Recently, because of customer requests, Microsoft announced that SP4 for SQL Server 2005 would be released by the end of the calendar year 2010. It was also announced that SP2 for SQL Server 2008 would be released earlier in Q3 2010. To Microsoft’s credit, all is going according to plan. SQL Server 2008 R2 is due out in Q2 2010 as a functional release including Multi-Server Management and Self-Service Business Intelligence. However, not everyone is on the cutting edge. It will be a relief to see SP4 for 2005. You see, SP3 was released way back in Dec 2008…that’s about 2 years between Service Packs…
Microsoft has developed a sound strategy for issuing updates to SQL Server. It’s called the ISM or Incremental Servicing Model. When a bug is fixed, a hotfix is issued. Periodically, cumulative updates (CUs) are issued which include all hotfixes since the last service pack. Service Packs are tested as a whole and usually go through some sort of Beta or CTP (“Community Technology Preview”) release to involve customer feedback so there’s a higher level of confidence applying them. We are now up to CU 7 for SQL Server 2005 SP3. So we can install SQL 2005, then SP3, then CU 7 to get to the latest build for 2005. I wish Microsoft would support slipstreaming with SQL Server 2005 so we could perform a single install to get to a certain baseline. Maybe with SP4? Thankfully, SQL Server 2008 SP1 now supports slipstreaming. But we still have to apply the latest CU 6 for that service pack. Confused? Imagine how the developers feel.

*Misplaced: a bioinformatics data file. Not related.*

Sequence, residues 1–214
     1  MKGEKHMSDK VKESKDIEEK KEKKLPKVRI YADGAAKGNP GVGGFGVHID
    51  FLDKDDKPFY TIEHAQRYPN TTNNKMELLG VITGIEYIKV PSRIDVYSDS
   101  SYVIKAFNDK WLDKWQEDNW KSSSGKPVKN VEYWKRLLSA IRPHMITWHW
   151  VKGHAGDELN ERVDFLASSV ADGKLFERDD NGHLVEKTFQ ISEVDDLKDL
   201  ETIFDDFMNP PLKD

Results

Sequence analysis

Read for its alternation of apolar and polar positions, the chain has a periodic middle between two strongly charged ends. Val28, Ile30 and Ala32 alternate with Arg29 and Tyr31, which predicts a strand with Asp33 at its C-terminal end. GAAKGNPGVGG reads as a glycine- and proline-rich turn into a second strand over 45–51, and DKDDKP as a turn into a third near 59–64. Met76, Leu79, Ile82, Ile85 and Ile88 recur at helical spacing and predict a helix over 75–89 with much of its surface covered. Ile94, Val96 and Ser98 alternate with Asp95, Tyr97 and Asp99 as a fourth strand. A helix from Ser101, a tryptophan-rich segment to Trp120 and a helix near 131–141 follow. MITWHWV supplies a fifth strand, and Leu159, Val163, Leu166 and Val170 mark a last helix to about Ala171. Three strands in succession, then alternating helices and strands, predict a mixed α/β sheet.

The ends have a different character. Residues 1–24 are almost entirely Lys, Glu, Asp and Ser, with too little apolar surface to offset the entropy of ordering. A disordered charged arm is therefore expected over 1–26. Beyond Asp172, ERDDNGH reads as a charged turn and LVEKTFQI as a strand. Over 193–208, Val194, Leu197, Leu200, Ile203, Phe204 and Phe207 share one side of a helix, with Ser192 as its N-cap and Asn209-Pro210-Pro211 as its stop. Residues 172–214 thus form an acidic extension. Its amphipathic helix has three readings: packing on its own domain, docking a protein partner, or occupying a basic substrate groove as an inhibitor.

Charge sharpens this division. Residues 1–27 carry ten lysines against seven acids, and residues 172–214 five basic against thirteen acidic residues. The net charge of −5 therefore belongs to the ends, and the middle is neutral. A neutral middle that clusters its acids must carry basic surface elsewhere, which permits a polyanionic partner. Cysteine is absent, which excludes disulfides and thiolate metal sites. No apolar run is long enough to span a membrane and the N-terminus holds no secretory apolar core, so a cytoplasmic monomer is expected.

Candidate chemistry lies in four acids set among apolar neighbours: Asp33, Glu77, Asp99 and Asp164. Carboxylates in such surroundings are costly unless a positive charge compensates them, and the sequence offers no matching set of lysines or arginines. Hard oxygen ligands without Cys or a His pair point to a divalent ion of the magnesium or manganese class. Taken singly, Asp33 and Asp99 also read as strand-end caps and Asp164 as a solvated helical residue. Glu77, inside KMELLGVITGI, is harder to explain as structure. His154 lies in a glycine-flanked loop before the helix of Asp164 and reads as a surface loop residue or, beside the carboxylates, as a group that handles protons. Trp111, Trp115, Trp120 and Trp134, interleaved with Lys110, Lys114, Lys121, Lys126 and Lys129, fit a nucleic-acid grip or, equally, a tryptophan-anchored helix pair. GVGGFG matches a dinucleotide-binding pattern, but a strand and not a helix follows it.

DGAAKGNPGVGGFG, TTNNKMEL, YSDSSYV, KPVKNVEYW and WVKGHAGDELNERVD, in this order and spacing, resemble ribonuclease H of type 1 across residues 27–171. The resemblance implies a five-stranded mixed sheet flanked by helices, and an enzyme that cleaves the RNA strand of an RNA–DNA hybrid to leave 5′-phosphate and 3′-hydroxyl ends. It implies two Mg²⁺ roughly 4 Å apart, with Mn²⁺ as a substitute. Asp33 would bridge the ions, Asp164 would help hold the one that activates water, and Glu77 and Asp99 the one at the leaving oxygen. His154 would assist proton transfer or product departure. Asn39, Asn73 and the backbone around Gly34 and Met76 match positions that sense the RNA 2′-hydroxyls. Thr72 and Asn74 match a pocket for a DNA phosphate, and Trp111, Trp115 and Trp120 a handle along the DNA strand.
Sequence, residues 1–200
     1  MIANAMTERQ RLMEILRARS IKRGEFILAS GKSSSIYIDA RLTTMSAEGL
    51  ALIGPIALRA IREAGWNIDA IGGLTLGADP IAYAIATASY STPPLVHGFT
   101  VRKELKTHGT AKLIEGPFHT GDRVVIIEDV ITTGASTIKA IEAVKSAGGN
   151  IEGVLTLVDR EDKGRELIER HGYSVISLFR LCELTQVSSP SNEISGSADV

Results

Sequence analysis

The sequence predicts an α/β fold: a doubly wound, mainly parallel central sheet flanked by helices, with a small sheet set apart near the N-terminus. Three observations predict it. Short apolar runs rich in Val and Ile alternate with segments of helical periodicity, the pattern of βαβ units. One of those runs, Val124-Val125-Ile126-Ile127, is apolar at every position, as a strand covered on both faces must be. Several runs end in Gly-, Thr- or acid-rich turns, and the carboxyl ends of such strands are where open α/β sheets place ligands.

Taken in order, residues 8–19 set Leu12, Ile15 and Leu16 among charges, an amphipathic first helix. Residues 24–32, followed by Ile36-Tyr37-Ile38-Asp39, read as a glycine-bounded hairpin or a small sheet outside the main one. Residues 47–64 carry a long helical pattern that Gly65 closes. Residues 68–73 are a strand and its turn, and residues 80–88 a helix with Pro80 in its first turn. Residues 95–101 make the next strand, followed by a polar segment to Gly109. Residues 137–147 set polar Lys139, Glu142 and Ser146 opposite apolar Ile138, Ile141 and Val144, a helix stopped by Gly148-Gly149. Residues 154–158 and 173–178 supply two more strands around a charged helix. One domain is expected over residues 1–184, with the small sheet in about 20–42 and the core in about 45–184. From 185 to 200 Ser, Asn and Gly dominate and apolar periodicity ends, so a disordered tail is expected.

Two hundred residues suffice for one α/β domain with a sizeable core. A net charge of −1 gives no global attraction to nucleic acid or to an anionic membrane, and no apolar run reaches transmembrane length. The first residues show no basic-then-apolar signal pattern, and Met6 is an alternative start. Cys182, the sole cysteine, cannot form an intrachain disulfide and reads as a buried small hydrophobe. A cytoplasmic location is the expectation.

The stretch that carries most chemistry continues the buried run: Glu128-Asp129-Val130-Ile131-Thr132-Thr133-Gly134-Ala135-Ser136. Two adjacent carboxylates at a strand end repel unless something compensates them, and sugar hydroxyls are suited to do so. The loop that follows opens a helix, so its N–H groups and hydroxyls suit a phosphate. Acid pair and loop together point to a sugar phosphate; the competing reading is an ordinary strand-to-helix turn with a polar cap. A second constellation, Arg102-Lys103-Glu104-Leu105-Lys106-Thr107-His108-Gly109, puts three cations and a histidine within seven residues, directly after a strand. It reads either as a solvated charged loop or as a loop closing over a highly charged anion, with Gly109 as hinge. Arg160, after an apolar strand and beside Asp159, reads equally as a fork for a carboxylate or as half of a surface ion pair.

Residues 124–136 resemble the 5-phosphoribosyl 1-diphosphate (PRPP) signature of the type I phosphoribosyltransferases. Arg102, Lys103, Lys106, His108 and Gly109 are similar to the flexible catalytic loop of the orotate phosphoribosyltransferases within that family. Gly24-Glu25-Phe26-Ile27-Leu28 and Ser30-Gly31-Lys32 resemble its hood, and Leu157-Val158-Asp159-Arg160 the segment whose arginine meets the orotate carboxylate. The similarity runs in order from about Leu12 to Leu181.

In the notes on “How to obtain Cumulative Update 7 for SQL Server 2005 Service Pack 3” it states that “if you are not severely affected by any of these problems, we recommend that you wait for the next SQL Server 2005 service pack”. The typical CU cycle is 8 weeks. That means we might be up to CU13 before SP4 arrives. That’s a long time and lot of fixes to be waiting for. But if you have to stick with SQL Server 2005, at least you’ll have an early Christmas present from Microsoft SQL Server Release Services.